From the private Calvert School in North Baltimore to homes and military bases throughout the world to poor, inner-city public schools, the "Calvert Way" works.
Carmalina Scott has no doubt about the success of the back-to-basics program.
Her son Michael Gray, 6, began using the Calvert curriculum in the first grade at the city's Carter G. Woodson Elementary this year. Now, when he brings home his work, written in perfect script, other parents marvel.
"The parents will ask him, 'Michael, who taught you how to write cursive in the first grade?' " Ms. Scott said.
The Calvert curriculum, now used at two Baltimore public schools, is spreading in Ms. Scott's household. Michael, she said, tries to teach his 4-year-old brother and helps his third-grade sister sound out words when she has trouble with reading.
And the Calvert Way could be heading to other city schools.
Heartened by its experiment at the city's Barclay School -- standardized test scores improved, attendance improved and parent involvement increased -- the city and Calvert expanded the partnership this year to Woodson in Cherry Hill.
Within two years, Woodson is to be a training site where city school staff members can become Calvert curriculum coordinators for other schools.
For nearly a century, Calvert has tested its methods at the private school and at thousands of homes worldwide where parents have used its home-study curriculum. The curriculum stresses basics such as writing, math, phonics and reading, with heavy doses of work produced by students and kept in folders that are sent home each month.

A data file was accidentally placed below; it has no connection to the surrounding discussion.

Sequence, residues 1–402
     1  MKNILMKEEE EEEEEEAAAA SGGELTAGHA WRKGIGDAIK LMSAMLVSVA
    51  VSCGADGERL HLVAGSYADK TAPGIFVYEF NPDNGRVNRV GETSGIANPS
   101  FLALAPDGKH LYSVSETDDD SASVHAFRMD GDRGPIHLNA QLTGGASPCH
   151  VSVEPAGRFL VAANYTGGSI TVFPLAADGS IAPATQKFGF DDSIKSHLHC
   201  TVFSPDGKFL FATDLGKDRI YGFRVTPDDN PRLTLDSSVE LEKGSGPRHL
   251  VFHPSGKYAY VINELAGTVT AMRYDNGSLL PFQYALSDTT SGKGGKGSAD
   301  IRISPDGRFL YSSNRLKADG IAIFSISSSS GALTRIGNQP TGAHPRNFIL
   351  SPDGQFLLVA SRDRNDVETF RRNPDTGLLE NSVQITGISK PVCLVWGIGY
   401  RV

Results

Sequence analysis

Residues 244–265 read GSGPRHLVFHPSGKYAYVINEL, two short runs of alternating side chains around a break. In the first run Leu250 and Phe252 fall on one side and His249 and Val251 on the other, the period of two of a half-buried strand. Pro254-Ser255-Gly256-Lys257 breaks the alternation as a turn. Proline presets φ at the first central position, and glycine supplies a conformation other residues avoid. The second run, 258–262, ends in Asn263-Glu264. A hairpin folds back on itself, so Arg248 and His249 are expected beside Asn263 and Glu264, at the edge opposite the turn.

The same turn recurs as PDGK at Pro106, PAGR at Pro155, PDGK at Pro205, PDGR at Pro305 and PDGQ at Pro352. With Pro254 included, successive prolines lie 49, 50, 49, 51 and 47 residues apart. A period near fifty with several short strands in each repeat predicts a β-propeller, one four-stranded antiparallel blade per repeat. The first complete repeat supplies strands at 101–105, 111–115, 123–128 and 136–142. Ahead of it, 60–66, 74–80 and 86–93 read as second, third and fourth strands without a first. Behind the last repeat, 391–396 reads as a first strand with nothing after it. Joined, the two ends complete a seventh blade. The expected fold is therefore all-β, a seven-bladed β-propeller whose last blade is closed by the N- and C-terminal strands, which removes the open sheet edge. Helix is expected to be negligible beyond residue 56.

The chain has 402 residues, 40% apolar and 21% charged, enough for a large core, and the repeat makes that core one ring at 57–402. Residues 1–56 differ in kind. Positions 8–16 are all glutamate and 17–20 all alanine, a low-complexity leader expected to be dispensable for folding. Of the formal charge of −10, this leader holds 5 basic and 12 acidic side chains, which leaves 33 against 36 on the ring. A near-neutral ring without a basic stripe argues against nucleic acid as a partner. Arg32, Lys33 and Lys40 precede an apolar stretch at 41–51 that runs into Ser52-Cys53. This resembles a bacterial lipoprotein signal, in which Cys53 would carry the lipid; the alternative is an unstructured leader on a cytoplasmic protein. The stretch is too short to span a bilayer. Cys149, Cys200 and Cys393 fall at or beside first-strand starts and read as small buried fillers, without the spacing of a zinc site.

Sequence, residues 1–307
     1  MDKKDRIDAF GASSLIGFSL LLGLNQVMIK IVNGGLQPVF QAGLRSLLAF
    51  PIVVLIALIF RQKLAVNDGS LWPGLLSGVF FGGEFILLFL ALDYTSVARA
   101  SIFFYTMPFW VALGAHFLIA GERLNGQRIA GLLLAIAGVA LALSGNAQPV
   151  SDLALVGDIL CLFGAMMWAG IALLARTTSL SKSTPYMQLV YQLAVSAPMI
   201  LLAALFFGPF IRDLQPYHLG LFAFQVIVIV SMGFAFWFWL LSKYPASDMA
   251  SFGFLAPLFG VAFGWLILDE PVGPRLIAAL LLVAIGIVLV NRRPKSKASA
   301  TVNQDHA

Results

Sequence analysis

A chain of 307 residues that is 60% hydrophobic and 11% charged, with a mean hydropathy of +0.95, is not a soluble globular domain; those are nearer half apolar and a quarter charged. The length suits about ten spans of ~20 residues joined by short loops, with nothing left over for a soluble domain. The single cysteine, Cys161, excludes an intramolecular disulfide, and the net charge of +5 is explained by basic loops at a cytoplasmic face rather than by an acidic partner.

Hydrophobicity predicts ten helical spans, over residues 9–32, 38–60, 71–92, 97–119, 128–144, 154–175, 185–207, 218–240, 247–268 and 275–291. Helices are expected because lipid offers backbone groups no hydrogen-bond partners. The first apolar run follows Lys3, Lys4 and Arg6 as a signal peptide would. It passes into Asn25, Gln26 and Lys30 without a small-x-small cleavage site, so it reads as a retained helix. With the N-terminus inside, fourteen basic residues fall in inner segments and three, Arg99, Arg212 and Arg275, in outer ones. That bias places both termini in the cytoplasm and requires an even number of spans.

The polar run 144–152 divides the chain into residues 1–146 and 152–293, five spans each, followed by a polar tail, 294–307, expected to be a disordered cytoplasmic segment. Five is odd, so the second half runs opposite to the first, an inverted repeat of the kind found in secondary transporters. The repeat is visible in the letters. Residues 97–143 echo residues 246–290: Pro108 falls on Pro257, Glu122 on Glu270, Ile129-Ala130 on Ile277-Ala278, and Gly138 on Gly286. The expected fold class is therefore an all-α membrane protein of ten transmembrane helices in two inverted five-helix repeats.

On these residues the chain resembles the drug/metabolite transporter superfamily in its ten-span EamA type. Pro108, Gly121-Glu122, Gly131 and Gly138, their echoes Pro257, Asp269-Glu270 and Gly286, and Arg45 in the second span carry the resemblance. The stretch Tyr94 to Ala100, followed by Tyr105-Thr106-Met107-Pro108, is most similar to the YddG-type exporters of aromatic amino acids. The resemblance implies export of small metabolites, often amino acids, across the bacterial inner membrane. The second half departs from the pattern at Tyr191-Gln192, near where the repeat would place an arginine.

But until five years ago, when Calvert began its partnership with Barclay, the private school's approach never had been tested in a public school. Today, the evidence indicates that Calvert's methods can work in poor, urban schools.
During its first four years, a recent evaluation shows, the collaboration between Barclay and Calvert raised standardized test scores, which are now at or above national averages for both public and private schools.
Still, Calvert has insisted on expanding slowly, adding only a school at a time, and then adding only one grade level a year. Its approach to marketing has proved as conservative as its approach to education.
"We never entered the partnership [with Barclay and Woodson] with the purpose of making money or establishing a business," said Merrill S. Hall III, the Calvert headmaster.
"We don't want to be managing schools, but we've proven that we can be a successful partner in a public school. The question is: Can we clone that experiment without debilitating cost to us?"
City Superintendent Walter G. Amprey said the partnerships show that even poor urban schools such as Barclay and Woodson can succeed. "What it shows is that with the right combination of a good curriculum, the right staffing, the right guidance . . . it can take off like a jet."
Dr. Amprey said the district would like to expand the partnership to other city schools but needs money to do so.
For five years, first-grade teacher Joanna Beaty headed to libraries to borrow about 25 copies or bought titles such as "Jack and the Beanstalk" for her pupils at Woodson.